My rope was so cemented in the snow I could not pull it out whilst sat in the snow; untied and made my way with a hobble to Dave, he thought he had a compound fracture, but this later turned out to be a lump of granite in his boot! We were shook up; but Alive; survival did kick in whilst avalanched; rolling to the right wear my thoughts and to keep an air space by swimming!
Sound ludicrous but I had a go; must have worked or simply lucky.
Climbers in the area saw the mess and were making their way to help; the
rescue teams Strathclyde police; Cairngorm Ski patrol were all in the
area; all who attended humbled us as we were vulnerable and struggling; A
massive thanks to all who stayed with us; the spirit of mountaineering was
evident from all; Hugh and Bob from the Strathclyde police were fantastic;
staying with us and keeping things sane; Thanks guys and a bottle of Whisky
will be up there with you soon!
The rescue from the helicopter was seamless; all brilliant and eventually
wiched out safe and sound to Inverness A & E who were also superb; all in
all an experience that I do not want anyone to experience but I know some
will from time to time; I kept apologising but no one chastised us which I
thank you all for; are we stupid? Arrogant? Wreckless. I cannot answer this,
but I do know we were living and not getting fat on coke and pizza; playing
some spotty game on a computer!!!!!!!!!!!
That’s it; we all have a few injuries but soft tissue; no breaks as
suggested by a lot of the press; still off work but soon to return; will I
climb again time will tell but it has made me reflect as I am creeping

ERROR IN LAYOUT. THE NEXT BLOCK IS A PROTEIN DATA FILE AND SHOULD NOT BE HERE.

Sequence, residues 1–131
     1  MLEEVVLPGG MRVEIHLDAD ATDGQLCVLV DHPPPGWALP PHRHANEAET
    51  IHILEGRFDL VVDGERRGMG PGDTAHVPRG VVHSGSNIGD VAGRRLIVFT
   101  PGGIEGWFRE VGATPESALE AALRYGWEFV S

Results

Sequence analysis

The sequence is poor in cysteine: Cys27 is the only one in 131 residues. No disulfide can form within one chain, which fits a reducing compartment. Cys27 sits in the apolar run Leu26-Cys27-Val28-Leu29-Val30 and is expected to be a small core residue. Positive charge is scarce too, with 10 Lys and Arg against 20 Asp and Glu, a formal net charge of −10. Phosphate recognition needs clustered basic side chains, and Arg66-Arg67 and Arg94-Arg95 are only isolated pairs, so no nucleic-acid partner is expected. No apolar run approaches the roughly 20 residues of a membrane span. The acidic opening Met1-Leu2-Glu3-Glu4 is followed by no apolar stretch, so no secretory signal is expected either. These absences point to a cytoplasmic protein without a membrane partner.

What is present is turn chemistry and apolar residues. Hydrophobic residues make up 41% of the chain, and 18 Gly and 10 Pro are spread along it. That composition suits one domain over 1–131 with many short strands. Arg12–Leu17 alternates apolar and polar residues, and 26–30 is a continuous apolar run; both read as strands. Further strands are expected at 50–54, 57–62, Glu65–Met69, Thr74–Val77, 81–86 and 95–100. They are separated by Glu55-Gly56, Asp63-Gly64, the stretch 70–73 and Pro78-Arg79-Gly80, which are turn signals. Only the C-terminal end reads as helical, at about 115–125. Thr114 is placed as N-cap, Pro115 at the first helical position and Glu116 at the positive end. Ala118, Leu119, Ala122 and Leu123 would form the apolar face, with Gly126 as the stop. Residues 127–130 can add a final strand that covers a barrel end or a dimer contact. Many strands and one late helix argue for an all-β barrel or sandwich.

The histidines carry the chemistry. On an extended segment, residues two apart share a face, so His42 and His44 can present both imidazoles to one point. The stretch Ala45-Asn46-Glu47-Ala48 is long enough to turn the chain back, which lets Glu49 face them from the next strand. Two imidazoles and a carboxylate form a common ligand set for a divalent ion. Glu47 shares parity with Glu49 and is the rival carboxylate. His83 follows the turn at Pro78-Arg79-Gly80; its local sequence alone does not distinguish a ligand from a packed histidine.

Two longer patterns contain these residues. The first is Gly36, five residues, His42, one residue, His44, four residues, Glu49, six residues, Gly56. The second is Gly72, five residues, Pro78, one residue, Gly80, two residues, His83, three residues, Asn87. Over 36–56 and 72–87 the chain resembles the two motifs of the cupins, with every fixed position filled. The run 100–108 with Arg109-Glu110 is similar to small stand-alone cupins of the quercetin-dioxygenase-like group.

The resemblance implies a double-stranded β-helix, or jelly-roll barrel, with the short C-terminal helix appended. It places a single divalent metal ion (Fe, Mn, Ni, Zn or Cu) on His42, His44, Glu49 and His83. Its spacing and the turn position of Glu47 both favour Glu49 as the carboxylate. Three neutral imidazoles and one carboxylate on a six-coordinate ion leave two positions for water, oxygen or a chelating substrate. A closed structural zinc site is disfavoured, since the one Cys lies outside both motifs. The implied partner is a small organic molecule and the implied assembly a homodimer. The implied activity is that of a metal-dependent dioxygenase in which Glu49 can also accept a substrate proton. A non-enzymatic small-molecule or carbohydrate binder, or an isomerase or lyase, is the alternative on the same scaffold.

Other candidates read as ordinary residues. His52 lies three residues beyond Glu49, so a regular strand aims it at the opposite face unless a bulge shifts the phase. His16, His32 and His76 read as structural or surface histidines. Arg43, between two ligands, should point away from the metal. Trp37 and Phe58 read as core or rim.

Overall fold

towards 50. I will always go into the mountains; freedom is everything;
keep climbing and do not get duped by numbers; do your own risk assessments
and make your OWN minds up’
I remember lying in my hospital bed in Alaska, as the press argued over the rights and wrongs of rescue. A little different to this Scottish incident perhaps, but everyone seems to chuck their ten penneth in when things like this happen. Jus remember the people who were there…
There’s a number of ways we can look at this. Some will criticise the climbers, but I’m always mindful of this, particularly if you weren’t there. I think they were all very lucky and unlucky, but they are alive and well, and we must be thankful for that. The mountains always hold dangers (believe me, I know), and we can’t take risk out of our lives. It’s balancing that risk that counts…
Weather conditions are vital to every mountaineer. Knowing what to expect, where snow is lying, it’s condition and avalanche risk are not to be taken lightly. I use the Winter Highland and Scottish Avalanche Information Service sites.
All said, we skied the week away without getting in a single climb, and gladly met an 84 year old chap who had taken the coach from Swindon to Aviemore to walk and ski, before taking the overnight coach home a few days later! He told wonderful stories of Scottish skiing in the late 1950’s and was a pure delight to be around. I pray I’m that fit and happy at 84, but what impressed me even more was his smile, delight and sheer pleasure at being in the hills.
Never, ever loose that feeling and emotion…
You should email this blog post, and especially the email from your friend to Dorothy Grace-Elder – see this UKC thread – http://www.ukclimbing.com/forums/t.php?n=538793
It’s a great perspective on why people climb and walk the hills in winter, how an avalanche can be triggered and the amazing camaraderie of all those involved. And finally the mostly non-judgemental approach of the rescue services.
Thanks for your comment Jason. I’ve posted on the UKClimbing site and will await responses…!
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Very well written nice one noddy jean